The ovipositor of a parasitic wasp inspires a mechanical engineer and zoologist to design a new steerable needle for surgery.
The same mechanism that enables a parasitic wasp to lay her eggs inside a caterpillar without killing it could one day help surgeons operate deep inside the human brain or reach tumors in parts the body that are currently inaccessible.
The work comes out of a longtime collaboration between Paul Breedveld, a professor of mechanical engineering at Delft University of Technology, and Johan van Leeuwen, a professor of experimental zoology at Wageningen University. The unlikely pair began working together nearly 20 years ago on surgical instruments that were inspired by squid tentacles and are now being commercialized.
Their latest work is a steerable needle that can move through the body, contorting to go around obstacles without breaking or veering off course. Breedveld hopes it will help surgeons navigate the complex tissue formations of the liver or breast and open up new possibilities for saving lives. Breedveld plans to use the needle for the welfare of patients, but the creature that inspired it put it to a more sinister purpose.
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A female parasitic wasp punctures live caterpillars using a needle-like appendage called an ovipositor, through which she swiftly distributes eggs right into the caterpillar’s flesh. She must be careful not to kill the caterpillar in the process, since the larvae that hatch from those eggs must feed on the internal fluids of a living caterpillar. When they are finally ready to mature, the larvae burst from the caterpillar, causing a brutal death.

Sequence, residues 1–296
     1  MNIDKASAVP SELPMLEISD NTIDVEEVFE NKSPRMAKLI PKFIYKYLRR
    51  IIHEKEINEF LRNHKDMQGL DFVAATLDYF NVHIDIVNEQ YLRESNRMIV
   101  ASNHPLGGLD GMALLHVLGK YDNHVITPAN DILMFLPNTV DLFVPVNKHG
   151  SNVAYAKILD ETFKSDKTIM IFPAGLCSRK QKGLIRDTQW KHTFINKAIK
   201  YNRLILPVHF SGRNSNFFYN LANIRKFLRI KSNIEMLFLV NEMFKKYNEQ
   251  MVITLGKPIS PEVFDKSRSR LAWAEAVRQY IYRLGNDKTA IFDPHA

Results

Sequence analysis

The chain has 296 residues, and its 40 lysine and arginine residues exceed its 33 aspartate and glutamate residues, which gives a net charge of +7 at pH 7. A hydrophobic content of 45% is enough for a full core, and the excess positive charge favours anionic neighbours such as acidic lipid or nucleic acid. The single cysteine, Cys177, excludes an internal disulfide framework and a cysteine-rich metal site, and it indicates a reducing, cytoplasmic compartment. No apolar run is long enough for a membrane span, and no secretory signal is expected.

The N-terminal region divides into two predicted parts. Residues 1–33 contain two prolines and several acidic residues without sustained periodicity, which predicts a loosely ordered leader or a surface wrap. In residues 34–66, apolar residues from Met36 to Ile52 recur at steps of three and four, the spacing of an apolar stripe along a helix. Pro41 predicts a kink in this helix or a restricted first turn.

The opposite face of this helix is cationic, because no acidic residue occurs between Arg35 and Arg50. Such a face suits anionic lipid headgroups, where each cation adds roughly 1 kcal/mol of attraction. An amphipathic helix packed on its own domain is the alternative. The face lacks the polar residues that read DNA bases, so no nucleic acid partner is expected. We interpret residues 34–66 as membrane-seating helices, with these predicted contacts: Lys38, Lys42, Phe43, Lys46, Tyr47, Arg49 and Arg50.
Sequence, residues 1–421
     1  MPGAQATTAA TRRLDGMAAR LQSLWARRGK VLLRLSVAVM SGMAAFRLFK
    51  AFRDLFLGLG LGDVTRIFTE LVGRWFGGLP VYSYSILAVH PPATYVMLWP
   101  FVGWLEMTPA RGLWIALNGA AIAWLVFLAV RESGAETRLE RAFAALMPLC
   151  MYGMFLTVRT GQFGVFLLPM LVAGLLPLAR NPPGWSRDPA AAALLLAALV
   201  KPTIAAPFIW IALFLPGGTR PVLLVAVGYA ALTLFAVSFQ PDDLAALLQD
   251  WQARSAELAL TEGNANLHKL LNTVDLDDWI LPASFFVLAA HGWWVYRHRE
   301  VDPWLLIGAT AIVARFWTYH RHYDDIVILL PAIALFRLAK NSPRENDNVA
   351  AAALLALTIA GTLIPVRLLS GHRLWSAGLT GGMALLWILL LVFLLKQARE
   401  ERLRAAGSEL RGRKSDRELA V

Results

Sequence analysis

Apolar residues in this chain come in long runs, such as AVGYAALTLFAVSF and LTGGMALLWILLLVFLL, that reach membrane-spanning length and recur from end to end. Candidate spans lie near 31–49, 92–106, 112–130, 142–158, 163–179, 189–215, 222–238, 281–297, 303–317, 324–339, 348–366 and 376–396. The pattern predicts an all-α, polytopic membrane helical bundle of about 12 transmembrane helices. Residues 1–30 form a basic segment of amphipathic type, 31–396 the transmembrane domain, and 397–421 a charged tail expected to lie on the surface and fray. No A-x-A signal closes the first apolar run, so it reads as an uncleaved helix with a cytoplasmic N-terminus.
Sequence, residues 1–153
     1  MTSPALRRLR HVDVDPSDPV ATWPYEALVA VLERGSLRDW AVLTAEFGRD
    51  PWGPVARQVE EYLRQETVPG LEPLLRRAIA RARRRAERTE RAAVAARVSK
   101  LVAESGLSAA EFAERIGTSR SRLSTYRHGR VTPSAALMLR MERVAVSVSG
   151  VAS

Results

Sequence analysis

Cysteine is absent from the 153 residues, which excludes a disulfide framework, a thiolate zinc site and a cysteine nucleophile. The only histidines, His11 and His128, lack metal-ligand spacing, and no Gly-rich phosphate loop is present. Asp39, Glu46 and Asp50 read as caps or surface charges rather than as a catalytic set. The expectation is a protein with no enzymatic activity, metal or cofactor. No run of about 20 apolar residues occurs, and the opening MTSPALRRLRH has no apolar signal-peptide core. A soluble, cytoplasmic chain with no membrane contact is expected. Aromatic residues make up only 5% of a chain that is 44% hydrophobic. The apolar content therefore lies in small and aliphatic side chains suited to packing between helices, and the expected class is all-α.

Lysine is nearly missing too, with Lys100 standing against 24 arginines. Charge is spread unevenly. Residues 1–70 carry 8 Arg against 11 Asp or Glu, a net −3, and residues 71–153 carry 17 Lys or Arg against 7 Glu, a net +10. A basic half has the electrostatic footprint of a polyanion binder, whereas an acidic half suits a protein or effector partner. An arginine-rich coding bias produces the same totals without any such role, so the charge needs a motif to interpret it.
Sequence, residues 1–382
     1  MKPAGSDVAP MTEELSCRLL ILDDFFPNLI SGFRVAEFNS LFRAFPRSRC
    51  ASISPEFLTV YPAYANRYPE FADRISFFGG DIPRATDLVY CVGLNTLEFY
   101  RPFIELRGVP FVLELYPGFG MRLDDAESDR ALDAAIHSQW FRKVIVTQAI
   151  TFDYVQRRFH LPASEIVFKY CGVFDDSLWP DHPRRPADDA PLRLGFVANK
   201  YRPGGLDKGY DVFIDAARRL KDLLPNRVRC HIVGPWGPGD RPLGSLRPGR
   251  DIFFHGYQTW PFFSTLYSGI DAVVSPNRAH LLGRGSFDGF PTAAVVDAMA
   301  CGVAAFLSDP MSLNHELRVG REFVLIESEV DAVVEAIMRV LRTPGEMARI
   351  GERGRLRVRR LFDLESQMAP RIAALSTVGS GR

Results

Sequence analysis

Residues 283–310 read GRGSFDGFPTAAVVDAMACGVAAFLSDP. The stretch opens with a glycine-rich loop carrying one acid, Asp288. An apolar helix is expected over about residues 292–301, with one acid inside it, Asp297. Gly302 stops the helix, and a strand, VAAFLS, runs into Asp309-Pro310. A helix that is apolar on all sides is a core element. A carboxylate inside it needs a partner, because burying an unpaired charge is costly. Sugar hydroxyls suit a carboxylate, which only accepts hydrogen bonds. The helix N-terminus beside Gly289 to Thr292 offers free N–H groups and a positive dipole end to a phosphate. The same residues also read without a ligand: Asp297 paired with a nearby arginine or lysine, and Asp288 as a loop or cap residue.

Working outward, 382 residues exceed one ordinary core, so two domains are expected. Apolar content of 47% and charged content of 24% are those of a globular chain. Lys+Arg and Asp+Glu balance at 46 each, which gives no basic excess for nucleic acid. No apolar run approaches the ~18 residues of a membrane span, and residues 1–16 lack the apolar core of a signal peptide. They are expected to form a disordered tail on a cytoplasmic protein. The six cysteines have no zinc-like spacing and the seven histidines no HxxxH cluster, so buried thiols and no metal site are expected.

Previous entomologists have found that the ovipositor is made out of three rod-like components that are connected with tongue-and-groove linkages. Together, they form a tube for the eggs to travel down. But, while the structure of the ovipositor made sense to van Leeuwen and his team, its steering capability perplexed them. Using high-speed cameras, they closely watched the wasp as it maneuvered the ovipositor through a translucent gel.
By measuring the individual rod motions in the 30-micrometer thick ovipositor, Van Leeuwen and his team showed that the wasp incrementally moves one or two of the rods at a time. Friction between the third rod and the gel anchors the third rod in space, enabling the other two rods to inch forward.
The needles have a beveled shape at their ends, which grows more pronounced when extend past the stationary needle. This produces asymmetrical forces at their tips, allowing them to curve.
All this allows the wasp to puncture the caterpillar more quickly and requires less outside force. Moreover, she uses the stationary rod to steer her eggs to the precise spot where her eggs — and the caterpillar — will survive.
“We discovered the wasp can actually steer the needle in any direction, making “C” shapes and “S” shapes, without turning its body,” van Leeuwen said. “It was the first account of spatially showing what this little lady is actually doing.”